Risk, Security and Subjectivity Within PCI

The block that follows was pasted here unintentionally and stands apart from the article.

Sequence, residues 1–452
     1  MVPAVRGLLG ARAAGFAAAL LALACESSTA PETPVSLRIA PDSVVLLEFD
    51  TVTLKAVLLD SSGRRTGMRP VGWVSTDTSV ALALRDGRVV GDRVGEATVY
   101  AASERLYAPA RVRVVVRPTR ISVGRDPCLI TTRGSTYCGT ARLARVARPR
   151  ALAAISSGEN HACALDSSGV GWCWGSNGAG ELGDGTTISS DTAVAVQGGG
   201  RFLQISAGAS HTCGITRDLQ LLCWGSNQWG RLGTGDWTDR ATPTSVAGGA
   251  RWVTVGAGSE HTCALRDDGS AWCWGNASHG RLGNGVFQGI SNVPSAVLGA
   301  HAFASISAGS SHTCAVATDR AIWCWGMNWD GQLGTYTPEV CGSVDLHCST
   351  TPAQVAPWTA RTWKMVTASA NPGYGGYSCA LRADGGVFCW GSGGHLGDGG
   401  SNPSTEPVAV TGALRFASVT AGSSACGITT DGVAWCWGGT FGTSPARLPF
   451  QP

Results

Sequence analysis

In late March Thales released an interesting report on the state of PCI – “PCI DSS Trends 2010: QSA Insights Report.”  The report was written by the Ponemon Institute and it highlights the difficulty of taking into account risk, security and subjectivity within the PCI DSS compliance standard. If you haven’t read it, here’s a link: First, the insight that only 2% of organizations fail their PCI audits should raise some eyebrows. Taking it at face value (and there’s certainly room for discussion about that) it indicates that, in general, retailers and payment processing related organizations are taking PCI compliance seriously. However, when combined with another observation in the report, that about 40% of organizations are relying on compensating controls, it illustrates the subjectivity of the standard and of the “auditing” process.  There are a number of other conclusions that can be drawn from this high pass rate, and hopefully, the Council will look into them. Second, the report says that over 50% of the QSAs surveyed observe that information security is still not being taken seriously by the organizations they are auditing.  Even though almost all of the organizations covered in the review are addressing PCI, most are not truly addressing security and, by extension, risk – which is a level of maturity that usually requires enlightened management or a breach.  This finding further highlights how important it is for audits to be done by competent and honest auditors.  Like the point above, this gets at the core of PCI – the standard and the associated subjectivity should evolve to ensure that security and risk be addressed, not just compliance. Finally, the report states that QSAs feel that firewalls and encryption are the most effective technologies used to protect cardholder data. The number of organizations that think they are doing one thing (with technology) and are actually doing another is amazing. ASV scanning is a very important component of verifying technical compliance, but with self-attestation for many internal components it doesn’t cover nearly enough. With this in mind, the PCI Council should implement further verification to ensure that technology and controls are implemented properly. This would continue to drive the convergence of compliance and security. More reviews – especially third-party – would also help organizations better understand risk and develop mechanisms to mitigate it programmatically. Overall, the report says as much about the state of the PCI standard as it does about the organizations it covers. Some of the more interesting insights are the implications surrounding PCI’s subjectivity and maturity.  The positive take away from the report is that it appears organizations affected by the initial PCI focus (retailers and payment processing-related firms) are taking PCI compliance seriously. To achieve the common goal of reducing IT risk related to PCI data, hopefully the Council will be able use this report  (and other similar reports) to enhance the standard to cover more security and risk.